Women and girls in Ireland finally have a once in a generation opportunity to have their right to decide what happens to their bodies recognised, said Amnesty International ahead of Friday’s referendum on abortion.
On Friday, we have a historic opportunity to change Ireland’s Constitution and remove restrictions that have caused untold suffering to countless women and girlsColm O Gorman, Amnesty Ireland
The long fought-for referendum will give Irish people a chance to vote on removing a constitutional provision which bans abortion in all circumstances other than where there is a risk to the life of the pregnant woman. The provision, known as the Eighth Amendment, has meant that Ireland’s abortion law is amongst the most restrictive in the world.
“On Friday, we have a historic opportunity to change Ireland’s Constitution and remove restrictions that have caused untold suffering to countless women and girls. This opportunity must not be missed,” said Colm O Gorman, Executive Director of Amnesty International Ireland.
“A ‘yes’ vote is a vote for equality, for dignity, for respect and compassion. It is a vote for a future Ireland where the human rights of women and girls are respected and protected. It is a vote for hope and for an end to the exile of women in need of safe health care.”
The Eighth Amendment has violated women’s and girls’ human rights – including the rights to health, life, privacy, equality and non-discrimination, and the right to be free from cruel, inhuman and degrading treatment.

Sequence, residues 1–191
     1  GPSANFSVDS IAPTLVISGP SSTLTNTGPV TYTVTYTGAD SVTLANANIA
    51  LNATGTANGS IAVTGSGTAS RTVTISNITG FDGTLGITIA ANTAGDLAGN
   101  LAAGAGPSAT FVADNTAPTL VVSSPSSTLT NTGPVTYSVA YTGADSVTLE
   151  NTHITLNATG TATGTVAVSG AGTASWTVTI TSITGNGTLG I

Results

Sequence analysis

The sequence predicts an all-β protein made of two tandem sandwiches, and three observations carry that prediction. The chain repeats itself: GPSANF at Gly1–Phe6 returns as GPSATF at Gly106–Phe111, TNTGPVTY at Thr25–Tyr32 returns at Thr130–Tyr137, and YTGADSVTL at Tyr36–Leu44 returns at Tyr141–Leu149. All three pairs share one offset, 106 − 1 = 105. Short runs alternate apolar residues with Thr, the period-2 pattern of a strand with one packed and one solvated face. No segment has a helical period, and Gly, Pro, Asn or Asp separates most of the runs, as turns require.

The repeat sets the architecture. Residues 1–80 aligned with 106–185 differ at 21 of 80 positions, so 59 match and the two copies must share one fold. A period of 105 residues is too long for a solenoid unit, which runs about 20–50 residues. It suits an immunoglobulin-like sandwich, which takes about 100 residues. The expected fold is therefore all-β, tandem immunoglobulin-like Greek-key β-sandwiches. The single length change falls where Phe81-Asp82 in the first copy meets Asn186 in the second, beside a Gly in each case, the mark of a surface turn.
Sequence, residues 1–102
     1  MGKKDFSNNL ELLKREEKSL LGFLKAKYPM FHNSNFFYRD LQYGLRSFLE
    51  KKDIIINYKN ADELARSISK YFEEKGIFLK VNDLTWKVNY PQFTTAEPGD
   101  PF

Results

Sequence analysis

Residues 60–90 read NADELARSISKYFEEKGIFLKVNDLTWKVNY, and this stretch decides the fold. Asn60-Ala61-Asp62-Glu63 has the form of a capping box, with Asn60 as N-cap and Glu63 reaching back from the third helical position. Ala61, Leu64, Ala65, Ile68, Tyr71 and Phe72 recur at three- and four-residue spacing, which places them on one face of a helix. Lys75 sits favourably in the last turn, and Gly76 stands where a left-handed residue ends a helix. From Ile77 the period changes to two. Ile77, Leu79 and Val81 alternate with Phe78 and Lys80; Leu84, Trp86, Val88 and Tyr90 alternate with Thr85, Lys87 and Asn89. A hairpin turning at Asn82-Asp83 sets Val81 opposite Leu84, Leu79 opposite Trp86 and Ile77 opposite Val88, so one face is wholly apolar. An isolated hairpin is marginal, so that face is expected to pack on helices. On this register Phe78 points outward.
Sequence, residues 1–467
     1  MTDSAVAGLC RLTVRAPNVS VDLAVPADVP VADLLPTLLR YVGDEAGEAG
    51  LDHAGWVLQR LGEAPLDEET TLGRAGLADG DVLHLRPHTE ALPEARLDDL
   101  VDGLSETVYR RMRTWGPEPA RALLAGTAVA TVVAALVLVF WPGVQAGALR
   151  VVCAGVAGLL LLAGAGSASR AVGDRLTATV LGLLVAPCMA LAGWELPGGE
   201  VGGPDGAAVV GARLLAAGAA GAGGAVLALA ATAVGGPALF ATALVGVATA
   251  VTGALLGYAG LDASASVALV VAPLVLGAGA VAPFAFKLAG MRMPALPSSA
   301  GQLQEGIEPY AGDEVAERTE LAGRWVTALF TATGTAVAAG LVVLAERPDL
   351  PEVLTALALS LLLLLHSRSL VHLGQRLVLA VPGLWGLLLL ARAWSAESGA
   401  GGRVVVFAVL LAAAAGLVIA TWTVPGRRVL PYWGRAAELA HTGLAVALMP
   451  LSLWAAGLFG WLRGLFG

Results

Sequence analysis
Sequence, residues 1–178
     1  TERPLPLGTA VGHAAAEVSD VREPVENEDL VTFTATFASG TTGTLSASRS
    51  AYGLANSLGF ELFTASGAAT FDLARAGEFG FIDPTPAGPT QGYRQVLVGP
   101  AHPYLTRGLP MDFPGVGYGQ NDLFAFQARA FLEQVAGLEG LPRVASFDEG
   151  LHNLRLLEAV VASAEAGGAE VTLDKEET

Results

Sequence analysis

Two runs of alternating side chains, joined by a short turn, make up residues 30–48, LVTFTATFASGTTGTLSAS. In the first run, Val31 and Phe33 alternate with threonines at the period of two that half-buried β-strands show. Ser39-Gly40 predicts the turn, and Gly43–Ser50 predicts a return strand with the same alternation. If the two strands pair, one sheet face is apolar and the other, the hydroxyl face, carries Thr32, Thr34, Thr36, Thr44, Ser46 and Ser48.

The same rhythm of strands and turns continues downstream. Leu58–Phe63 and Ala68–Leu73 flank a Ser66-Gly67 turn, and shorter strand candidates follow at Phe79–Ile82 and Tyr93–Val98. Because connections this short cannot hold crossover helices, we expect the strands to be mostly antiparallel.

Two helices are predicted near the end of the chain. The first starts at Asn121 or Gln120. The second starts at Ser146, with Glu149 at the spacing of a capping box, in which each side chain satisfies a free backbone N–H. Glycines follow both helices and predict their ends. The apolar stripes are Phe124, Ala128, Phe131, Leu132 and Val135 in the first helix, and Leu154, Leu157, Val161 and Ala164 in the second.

A ‘yes’ vote is a vote for equality, for dignity, for respect and compassion. It is a vote for a future Ireland where the human rights of women and girls are respected and protectedColm O Gorman
Every day, an average of 10 women and girls leave Ireland to access abortions abroad. An estimated three more take imported abortion pills without medical support. By using abortion pills in Ireland, they face possible criminal sanction, including a prison sentence of up to 14 years.
“Getting this referendum has been a long and difficult struggle. It has taken 35 years, 10 governments and a massive public campaign to get us here, and in that time Ireland’s draconian abortion laws have caused immense misery and even cost lives,” said Colm O’ Gorman.
“This is not a vote on whether abortions will happen in Ireland – the past three decades have shown that the Eighth Amendment has not stopped the need for abortion services. This is a vote on whether women who do have abortions are granted access to safe services, and treated with compassion and dignity.”
Amnesty International Ireland has been campaigning for a human rights compliant abortion law in Ireland since the global campaign ‘My Body My Rights’ in 2014. A yes vote in the referendum and the removal of the now 35-year-old Eighth Amendment to Ireland’s Constitution is critical to achieving this.